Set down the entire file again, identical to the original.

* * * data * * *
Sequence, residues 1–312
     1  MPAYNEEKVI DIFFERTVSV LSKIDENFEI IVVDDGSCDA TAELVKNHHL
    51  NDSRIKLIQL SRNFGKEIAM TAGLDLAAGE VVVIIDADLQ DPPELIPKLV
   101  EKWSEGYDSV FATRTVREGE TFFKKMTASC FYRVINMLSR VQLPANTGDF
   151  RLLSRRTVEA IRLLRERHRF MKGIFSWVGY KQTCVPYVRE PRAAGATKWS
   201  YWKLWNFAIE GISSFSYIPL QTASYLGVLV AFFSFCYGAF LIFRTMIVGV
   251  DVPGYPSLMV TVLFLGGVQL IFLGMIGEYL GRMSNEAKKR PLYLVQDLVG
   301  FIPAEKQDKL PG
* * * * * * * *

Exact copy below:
Sequence, residues 1–312
     1  MPAYNEEKVI DIFFERTVSV LSKIDENFEI IVVDDGSCDA TAELVKNHHL
    51  NDSRIKLIQL SRNFGKEIAM TAGLDLAAGE VVVIIDADLQ DPPELIPKLV
   101  EKWSEGYDSV FATRTVREGE TFFKKMTASC FYRVINMLSR VQLPANTGDF
   151  RLLSRRTVEA IRLLRERHRF MKGIFSWVGY KQTCVPYVRE PRAAGATKWS
   201  YWKLWNFAIE GISSFSYIPL QTASYLGVLV AFFSFCYGAF LIFRTMIVGV
   251  DVPGYPSLMV TVLFLGGVQL IFLGMIGEYL GRMSNEAKKR PLYLVQDLVG
   301  FIPAEKQDKL PG